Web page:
I need urgent help with this problem!
I have shown how far I got with it, but now I'm stuck, I dont know what to do next. Someone Please help me out.
∃xMxa & ∀x(Mxa →Kxa); ∀y(Kya → (y =b v y = c)) ∴ ¬Kba →Kca
1. ∃xMxa & ∀x(Mxa →Kxa) A
2. ∀y(Kya → (y =b v y = c)) A
3. Show ¬Kba →Kca
4. ¬Kba ACP
5. Mda & ∀x(Mxa →Kxa) ∃E, 1
6. Mda &E, 5
7. ∀x(Mxa →Kxa) &E, 5
8. Mda →Kda ∀E, 7
9. Kda →E, 6, 8
10. Kda → (d =b v d = c) ∀E, 2
11. (d =b v d = c) →E, 9, 10
12.
The rules that you are used don't look familiar. Also, in line 5 you jus dropped out Ex without assigning any variable for the x in Mxa. So far we are taught to replace a constant with a variable in ExMxa so it would read Mda. And I dont understand U.I. M.P. I.d. D.S. .. EI .. that im familiar with.
when dropping the Ex, you cannot just replace the variable. it doesn't work that way. in line 5 i applied the rule of E.I.
U.I. means universal instatiation
M.P. means Modus Ponens
I.d. means Principle of ideneity, it is the set of rules that go with "="
E.I. means existential instantiation, it is the rule that goes with dropping Ex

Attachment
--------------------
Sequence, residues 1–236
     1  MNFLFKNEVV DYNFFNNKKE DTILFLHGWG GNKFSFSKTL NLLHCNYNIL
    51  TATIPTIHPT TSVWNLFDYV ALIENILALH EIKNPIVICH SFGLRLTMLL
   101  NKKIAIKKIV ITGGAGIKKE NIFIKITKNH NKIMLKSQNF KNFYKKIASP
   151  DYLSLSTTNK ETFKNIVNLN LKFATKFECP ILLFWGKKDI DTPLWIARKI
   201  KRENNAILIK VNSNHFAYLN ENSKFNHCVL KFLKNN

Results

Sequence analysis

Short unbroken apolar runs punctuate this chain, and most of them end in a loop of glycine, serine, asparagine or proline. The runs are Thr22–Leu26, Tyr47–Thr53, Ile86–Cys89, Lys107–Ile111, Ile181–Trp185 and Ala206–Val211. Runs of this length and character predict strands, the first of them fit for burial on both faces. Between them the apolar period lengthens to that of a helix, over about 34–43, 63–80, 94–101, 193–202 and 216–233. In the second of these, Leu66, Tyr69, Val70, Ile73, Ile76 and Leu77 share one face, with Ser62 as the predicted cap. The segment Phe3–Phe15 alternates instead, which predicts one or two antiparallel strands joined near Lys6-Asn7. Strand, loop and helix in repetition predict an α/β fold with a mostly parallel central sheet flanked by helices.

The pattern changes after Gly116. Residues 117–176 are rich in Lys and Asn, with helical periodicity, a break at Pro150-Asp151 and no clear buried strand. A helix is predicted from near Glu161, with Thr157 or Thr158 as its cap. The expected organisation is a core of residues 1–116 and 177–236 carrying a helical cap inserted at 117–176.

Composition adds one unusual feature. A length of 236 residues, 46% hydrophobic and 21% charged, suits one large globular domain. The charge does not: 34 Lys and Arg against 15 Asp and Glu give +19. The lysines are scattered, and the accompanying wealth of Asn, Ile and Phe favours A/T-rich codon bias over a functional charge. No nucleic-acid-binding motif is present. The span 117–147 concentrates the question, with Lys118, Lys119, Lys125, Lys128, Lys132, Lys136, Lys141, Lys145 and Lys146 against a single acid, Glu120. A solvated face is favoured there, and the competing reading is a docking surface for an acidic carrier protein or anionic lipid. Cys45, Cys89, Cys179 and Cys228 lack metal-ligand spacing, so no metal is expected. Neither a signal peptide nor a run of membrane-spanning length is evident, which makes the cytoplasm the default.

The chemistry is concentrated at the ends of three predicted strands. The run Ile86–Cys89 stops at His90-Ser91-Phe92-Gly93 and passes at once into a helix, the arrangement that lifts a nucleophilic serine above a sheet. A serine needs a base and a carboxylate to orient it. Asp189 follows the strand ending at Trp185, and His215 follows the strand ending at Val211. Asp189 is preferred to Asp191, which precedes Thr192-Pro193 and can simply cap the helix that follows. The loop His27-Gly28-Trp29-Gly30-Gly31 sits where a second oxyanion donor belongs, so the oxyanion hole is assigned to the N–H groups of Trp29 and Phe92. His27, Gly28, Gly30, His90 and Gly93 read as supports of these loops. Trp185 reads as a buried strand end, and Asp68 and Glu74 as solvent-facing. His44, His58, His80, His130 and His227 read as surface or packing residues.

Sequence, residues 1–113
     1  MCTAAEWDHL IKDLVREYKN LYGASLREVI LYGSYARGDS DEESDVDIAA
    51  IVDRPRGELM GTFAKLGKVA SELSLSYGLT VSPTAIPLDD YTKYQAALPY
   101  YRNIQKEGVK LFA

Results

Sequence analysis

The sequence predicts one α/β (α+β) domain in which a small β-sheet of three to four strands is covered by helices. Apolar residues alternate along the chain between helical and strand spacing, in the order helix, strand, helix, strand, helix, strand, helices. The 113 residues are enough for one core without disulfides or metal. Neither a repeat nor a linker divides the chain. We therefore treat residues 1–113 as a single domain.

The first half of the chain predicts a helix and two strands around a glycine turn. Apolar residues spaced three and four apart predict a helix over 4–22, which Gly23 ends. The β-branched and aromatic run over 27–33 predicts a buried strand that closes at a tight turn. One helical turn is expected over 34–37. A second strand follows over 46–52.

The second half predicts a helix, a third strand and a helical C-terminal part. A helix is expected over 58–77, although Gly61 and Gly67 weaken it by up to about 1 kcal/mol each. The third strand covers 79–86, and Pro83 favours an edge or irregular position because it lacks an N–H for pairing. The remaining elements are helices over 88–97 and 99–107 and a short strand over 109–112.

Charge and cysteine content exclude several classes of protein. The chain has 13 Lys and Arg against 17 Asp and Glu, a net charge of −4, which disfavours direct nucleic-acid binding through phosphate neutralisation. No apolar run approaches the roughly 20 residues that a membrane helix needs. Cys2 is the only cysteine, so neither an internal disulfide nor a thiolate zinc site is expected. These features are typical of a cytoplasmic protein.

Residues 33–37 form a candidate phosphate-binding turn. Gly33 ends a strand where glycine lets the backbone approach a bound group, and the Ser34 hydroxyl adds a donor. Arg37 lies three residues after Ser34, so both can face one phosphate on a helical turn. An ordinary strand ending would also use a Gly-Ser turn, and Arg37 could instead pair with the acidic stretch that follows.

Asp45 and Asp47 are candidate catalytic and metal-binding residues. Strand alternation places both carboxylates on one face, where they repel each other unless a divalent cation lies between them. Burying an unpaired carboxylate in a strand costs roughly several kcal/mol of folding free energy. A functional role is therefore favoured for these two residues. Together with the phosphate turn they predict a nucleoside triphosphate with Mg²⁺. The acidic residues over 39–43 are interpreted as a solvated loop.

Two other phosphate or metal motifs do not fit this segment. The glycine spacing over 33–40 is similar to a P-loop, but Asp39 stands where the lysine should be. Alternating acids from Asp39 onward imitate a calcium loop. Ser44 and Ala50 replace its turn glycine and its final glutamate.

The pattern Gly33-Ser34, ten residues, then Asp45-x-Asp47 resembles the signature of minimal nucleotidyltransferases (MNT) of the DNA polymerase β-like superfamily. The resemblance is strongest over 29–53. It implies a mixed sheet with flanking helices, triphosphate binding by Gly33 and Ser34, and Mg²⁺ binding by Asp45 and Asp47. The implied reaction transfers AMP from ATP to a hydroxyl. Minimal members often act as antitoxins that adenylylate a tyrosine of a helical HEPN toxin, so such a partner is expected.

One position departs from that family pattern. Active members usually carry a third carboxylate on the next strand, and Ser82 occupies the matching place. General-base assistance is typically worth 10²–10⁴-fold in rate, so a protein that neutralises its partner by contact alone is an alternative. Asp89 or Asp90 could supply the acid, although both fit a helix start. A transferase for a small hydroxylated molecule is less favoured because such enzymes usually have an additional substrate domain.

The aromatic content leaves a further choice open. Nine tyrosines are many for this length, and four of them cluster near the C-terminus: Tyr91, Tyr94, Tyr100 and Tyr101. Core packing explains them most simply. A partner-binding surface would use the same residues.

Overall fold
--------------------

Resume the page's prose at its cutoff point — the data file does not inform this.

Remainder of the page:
D.S. means disjunctive syllogism
comm. means commutativity
simp. means simplification
now hopefully you can translate to the format you want
We have not learned those rules yet. The rules we use are
∃E , ∀E, ACP (Assuming for conditional proof)
or AIP (Assuming for Indirect Proof) ,
&E , →E , ¬& , ¬v , ¬→ , →v , &C , &A , vC , vA , vE* , →E* , ¬(Biconditional) , →(Biconditional)
those are the only rules we can use. So is there any way you can solve the problem using on those rules?
don't know what these mean. i used (x) to mean .my first assumption was for conditional proof. that is what C.P. at the end meant. it said lines 3 to 14 were a conditional proof starting with the assumption at line 3.ACP (Assuming for conditional proof)
didn't use this, but maybe you can to use your rules with itor AIP (Assuming for Indirect Proof)
i have no idea what any of these mean&E , →E , ¬& , ¬v , ¬→ , →v , &C , &A , vC , vA , vE* , →E* ,
[/quote]¬(Biconditional) , →(Biconditional)[/quote]how is it that both these symbols mean the same thing?
the rules i used were not advanced. they are basic rules, in the Rosser's System of logic, as taught in "Symbolic Logic" by Copi. chances are you know these rules, but under different names, and maybe applied slightly differently. for instance, what you call existential and universal intro, i call existential and universal instantiation. when you say "expo" in the same context, i would say "generalization". i am familiar with quantifier negation, but i did not use that here. so unless you describe what your rules mean, i can't help youthose are the only rules we can use. So is there any way you can solve the problem using on those rules?